On the 16th March 2016, the Chancellor of the Exchequer, George Osborne unveiled his 8th budget which he referred to as “a budget that backs businesses”. Within this budget there are some crucial business policies that all small business owners should be aware of.
A raft of measures to help enterprises including a reform of the business tax system, rate relief and ‘tax breaks for the digital age’ were announced.
There will be two new tax free £1,000 allowances that will take effect from April 2017, one allowance will be for income on any property you own and the other will be for selling goods or providing services.
Also taking effect from April 2017 , small business rate relief will increase from £6,000 to £12,000. This means that small businesses that occupy property with a rateable value of £12,000 or less will not pay any business rates and a tapered rate relief will be applied to properties worth up to £15,000. The effect of this according to George Osborne is that 600,000 businesses will no longer pay rates.
Reductions to corporation tax and capital gains tax were also announced. Corporation tax will reduce to 17% from the current 20% by April 2020 and from April 2016 the higher rate Capital Gains Tax will reduce from 28% to 20% and the basic rate Capital Gains Tax will drop from 18% to 10%. There will however be 8% surcharge on these new rates for gains on residential property.
Self- employed people will benefit from Class 2 National Insurance Contributions (NIC’s) being scrapped, meaning only one type of National Insurance (Class 4 NIC’s) will be applicable on a profit of over £5,965 per annum.
Entrepreneurs’ Relief will be extended specifically to encourage investors to back unlisted companies; the Chancellor has added an additional £10m of relief on top of the existing limit.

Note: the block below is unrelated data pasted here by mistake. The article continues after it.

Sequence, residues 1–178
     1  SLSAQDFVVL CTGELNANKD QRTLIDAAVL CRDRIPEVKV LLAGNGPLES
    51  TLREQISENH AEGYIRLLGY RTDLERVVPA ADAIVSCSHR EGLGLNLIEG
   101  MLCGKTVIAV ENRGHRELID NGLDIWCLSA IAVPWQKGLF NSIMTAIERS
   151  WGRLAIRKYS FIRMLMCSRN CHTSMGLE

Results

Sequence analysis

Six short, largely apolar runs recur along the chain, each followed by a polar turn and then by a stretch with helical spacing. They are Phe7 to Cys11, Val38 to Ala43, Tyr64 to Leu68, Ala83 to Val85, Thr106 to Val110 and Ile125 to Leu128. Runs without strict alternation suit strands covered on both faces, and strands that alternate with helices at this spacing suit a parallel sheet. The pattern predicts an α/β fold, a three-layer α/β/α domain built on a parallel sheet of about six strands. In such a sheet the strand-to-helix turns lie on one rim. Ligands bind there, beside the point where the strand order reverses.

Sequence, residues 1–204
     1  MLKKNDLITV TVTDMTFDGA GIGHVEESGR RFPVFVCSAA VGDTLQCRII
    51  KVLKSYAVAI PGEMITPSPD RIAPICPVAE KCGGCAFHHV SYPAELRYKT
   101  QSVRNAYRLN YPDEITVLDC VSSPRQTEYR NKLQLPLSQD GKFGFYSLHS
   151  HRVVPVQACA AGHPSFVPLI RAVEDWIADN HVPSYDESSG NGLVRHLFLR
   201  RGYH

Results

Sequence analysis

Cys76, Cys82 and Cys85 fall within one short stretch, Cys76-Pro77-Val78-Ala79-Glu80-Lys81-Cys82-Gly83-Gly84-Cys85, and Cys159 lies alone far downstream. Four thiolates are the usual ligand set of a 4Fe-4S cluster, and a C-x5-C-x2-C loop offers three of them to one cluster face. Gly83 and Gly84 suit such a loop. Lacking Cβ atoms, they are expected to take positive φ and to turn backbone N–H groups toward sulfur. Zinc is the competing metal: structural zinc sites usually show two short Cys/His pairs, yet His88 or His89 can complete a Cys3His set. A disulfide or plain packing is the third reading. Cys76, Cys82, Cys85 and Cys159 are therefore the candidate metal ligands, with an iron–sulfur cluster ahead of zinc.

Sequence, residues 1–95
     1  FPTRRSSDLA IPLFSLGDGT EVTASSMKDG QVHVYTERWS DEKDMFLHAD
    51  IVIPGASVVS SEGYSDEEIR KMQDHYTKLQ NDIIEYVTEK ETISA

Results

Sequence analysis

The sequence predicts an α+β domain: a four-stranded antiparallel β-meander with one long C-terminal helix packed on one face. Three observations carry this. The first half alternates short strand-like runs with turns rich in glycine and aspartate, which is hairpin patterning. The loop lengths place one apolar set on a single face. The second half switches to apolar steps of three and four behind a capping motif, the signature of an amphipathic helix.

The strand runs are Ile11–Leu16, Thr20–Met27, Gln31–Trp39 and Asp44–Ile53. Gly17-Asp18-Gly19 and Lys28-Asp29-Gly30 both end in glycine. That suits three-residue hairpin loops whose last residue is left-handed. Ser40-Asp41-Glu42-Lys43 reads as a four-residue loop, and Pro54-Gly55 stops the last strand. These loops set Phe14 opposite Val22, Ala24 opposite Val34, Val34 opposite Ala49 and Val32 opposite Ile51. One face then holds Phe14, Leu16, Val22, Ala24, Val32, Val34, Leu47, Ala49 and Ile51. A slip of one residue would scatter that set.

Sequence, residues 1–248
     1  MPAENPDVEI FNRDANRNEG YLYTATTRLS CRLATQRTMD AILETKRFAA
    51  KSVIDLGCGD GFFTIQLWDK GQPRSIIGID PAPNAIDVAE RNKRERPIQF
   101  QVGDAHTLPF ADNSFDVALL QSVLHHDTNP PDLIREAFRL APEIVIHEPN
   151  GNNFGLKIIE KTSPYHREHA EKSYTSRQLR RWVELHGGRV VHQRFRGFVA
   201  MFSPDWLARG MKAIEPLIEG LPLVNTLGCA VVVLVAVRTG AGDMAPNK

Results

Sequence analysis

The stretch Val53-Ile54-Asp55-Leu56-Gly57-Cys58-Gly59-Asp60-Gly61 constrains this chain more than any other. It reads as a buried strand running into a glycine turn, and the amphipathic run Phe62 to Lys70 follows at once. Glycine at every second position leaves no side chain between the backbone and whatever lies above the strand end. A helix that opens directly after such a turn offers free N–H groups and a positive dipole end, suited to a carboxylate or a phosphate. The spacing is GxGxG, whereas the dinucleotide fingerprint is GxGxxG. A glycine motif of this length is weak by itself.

The government plans to raise almost £8bn from large firms and multinationals in order to benefit small companies, through changes to rules on interest and other measures, these include:
• Introducing rules to prevent multinational companies that avoid paying tax in any of the countries they do business in
- Taxing outbound royalty payments better meaning multinationals pay more tax in the UK
- Making sure offshore property developers are taxed on their UK profits
George Osborne said this £8bn will be reinvested in helping the small businesses that “pay their fair share”.
Tax will be cut for many small businesses purchasing property by reforming Stamp Duty Land Tax on non-residential property transactions (office spaces and the like).
For the sixth year running, Fuel Duty will be frozen.
Drinks businesses will be impacted by a levy that companies will have to pay on drinks with added sugar from April 2018. The money raised from the levy will be used to double the sports premium for schools to £320m a year.
The government will invest £60m for the High Speed Rail 3; this will benefit businesses in the North by cutting journey times to around 30 minutes between Leeds and Manchester. £80m will also be invested in Crossrail 2 to connect South West and North-East London.
And finally, the government will devolve powers to local mayors in their focus of making the ‘Northern Powerhouse’ a reality.
This is a brief summary of some of the key points of this year’s budget announcement however, it should not form the sole basis of business or investment decisions without consideration of the specific circumstances of the individual and the business.
Understanding the specifics of these changes is a conversation worth having with a trusted advisor to maximise the efficiency of your business and financial planning for the years ahead.
A good accountant will be happy to explain the pros and cons of government changes and how they affect you and your business. Here at Keen Dicey Grover our door is always open to talk you through the complexities of tax, allowances and government policies.
We make it our policy to work with our clients to ensure best practice use of business structures to ensure they are operating in most financially efficient way, now and in the future. By ensuring our clients are confident and informed about their financial business structure, we know this enables them to concentrate on building their business and growing their finances.
Keen Dicey Grover
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